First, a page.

(Rick Egan | The Salt Lake Tribune) New construction on 300 West, pictured here in March, is covering up a groundbreaking mural on the former Artspace building on Pierpont Avenue.
A 1980s mural by a Peruvian artist that helped mark the creative rising of a west downtown Salt Lake City neighborhood is disappearing from view, due to the construction of an eight-story apartment building on 300 West.
The 64-by-30-foot external mural on the east end of the century-old Eccles-Browning Warehouse was created by Peruvian artist Peruko Coppacatti, says Stephen Goldsmith, the founder of Artspace, the nonprofit that carved artist residences and studios out of the building on Pierpont Avenue.
“Mural announces envisioning of creative fire,” was the headline of The Salt Lake Tribune’s July 20, 1986 “Art Scene” column by George Dibble.
The painting, visible from 300 West, was designed by Coppacatti to honor laborers and artisans as community builders. “It was the first one that we knew of in the area that was formally commissioned like this on the exterior of the building,” says Goldsmith, now an associate professor of urban design at the University of Utah.
(Courtesy photo by Stephen Goldsmith) Peruvian artist Peruko Coppacatti’s mural on the east end of the former Artspace Building on west downtown’s Pierpont Avenue. The 1986 mural is disappearing more each day as a high-rise apartment building is being constructed facing 300 West.
Coppacatti, who was working with a California anthropologist, was selected after a national competition that received some 70 applications. The project was proposed and funded by John Williams, one of the founders of Gastronomy Inc., and an Artspace board member, Goldsmith says.
Coppacatti’s work was influenced by classic Mexican muralists, Goldsmith says. Coppacatti spent a hot summer in Salt Lake City with his wife and young son, completing the painting in about 30 days, according to Dibble’s column.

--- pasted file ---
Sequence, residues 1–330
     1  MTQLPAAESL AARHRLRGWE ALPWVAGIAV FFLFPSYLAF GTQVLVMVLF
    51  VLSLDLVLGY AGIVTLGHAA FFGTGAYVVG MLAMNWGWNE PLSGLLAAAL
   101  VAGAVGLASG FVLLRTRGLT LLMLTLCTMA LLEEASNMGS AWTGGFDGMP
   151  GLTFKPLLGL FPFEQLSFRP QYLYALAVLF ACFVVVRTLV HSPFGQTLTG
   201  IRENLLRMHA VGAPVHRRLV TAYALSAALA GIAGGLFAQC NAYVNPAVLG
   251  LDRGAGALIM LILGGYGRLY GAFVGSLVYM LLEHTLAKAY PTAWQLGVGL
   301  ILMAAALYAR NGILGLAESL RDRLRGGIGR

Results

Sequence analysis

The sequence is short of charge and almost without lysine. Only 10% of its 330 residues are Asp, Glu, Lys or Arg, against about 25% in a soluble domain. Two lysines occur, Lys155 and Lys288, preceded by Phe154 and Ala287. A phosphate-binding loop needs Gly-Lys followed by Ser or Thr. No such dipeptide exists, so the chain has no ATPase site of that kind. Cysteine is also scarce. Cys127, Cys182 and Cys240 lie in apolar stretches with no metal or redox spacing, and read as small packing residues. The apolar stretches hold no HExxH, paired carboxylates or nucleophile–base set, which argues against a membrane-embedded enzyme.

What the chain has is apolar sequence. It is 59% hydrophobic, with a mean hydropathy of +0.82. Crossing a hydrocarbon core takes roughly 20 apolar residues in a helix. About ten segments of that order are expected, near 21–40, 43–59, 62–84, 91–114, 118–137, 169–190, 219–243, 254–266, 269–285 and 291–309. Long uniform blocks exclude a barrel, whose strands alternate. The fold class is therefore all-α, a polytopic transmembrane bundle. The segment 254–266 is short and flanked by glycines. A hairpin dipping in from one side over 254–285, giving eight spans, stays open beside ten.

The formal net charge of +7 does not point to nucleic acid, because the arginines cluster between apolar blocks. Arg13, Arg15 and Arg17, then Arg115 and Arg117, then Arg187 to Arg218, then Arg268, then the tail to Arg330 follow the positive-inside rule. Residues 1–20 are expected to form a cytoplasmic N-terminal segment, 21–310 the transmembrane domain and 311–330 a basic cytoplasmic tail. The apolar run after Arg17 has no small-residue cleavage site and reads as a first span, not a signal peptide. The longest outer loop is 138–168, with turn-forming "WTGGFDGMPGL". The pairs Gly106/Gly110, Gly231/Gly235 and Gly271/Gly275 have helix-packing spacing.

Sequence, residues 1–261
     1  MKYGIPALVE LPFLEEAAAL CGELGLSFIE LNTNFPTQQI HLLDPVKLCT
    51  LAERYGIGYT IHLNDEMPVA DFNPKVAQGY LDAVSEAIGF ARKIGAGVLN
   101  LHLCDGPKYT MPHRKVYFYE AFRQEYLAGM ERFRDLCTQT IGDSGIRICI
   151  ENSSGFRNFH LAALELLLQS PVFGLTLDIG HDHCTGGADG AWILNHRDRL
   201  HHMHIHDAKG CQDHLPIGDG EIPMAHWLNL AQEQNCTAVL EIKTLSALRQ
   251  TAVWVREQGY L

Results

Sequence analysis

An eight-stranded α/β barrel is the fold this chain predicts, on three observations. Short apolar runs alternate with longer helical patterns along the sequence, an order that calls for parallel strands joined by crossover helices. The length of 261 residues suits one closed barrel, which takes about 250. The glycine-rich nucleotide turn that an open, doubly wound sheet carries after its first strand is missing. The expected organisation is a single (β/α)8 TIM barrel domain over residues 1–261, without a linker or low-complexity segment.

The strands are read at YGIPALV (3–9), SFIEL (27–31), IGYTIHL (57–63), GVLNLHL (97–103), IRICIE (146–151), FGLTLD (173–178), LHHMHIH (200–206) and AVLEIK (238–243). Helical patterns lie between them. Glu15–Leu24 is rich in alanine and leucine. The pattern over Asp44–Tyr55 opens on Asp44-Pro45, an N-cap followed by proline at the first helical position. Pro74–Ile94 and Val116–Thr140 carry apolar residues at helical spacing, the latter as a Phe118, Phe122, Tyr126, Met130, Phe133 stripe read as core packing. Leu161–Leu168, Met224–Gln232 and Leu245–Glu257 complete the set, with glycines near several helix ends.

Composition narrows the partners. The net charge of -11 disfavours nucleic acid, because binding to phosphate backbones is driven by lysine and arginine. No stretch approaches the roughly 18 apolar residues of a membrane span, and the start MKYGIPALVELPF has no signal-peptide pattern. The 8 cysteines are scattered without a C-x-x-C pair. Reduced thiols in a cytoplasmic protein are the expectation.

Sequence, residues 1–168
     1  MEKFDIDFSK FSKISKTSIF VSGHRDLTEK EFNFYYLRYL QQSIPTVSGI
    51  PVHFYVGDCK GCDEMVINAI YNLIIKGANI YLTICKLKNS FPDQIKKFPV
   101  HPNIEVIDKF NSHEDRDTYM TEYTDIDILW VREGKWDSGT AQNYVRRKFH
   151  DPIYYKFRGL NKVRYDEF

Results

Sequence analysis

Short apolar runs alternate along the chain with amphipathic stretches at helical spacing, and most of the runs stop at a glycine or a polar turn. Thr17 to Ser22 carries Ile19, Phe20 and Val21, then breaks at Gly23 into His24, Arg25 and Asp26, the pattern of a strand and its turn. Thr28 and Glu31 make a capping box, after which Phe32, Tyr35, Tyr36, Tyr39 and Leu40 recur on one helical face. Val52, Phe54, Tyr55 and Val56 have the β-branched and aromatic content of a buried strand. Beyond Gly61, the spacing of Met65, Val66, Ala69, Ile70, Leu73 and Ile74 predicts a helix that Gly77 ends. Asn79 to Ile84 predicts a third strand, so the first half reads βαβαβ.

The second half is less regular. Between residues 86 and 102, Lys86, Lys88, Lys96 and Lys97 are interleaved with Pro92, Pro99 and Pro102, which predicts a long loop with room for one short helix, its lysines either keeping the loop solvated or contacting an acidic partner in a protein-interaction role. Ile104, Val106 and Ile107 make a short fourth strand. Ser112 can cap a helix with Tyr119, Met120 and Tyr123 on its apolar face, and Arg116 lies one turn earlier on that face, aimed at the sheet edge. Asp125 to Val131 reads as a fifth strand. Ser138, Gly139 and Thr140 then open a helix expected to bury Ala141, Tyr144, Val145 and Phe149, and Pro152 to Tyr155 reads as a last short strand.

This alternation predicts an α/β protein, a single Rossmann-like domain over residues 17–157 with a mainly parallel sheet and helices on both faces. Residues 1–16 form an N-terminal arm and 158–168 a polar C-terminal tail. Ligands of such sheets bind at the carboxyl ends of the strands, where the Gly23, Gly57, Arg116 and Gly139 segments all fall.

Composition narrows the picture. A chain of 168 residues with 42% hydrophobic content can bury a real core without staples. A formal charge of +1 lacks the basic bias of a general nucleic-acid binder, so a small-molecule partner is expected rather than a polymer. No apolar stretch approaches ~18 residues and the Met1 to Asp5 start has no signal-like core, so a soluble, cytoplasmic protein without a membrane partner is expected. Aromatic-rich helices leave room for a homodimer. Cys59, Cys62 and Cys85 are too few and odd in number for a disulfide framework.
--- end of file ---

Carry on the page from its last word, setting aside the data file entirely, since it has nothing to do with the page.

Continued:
Every day, the artist climbed over a barbed-wire fence on the Firestone property on the 300 West corner, and then scaled scaffolding to reach the mural site, Goldsmith recalls. “Physical limitations at the site prevent the artist from running back and viewing the work as it progressed,” according to Dibble’s column.
The mural features three figures from behind, and that perspective focuses attention on their work, Dibble wrote. “A ceramic kiln glows with the durable heat of physical fusion. Inflaming heat from a blowtorch softens rigid metal blocks with sheer edges and firm masses.”
The figures are reaching upward, a movement that “serves to deepen the vertical space, becoming less complicated as it rises,” according to Dibble, who pointed out it was one of the elements that makes the mural different than a painting. Dibble praised the artist’s combination of quiet, painterly elements, “with sculptural illusion created with hard edges and contrasting color.”
The apartment building under construction will be the third high-rise residential building in the area, with the Milagro Apartments under construction to the east, and the Broadway Park Lofts at 360 West 300 South.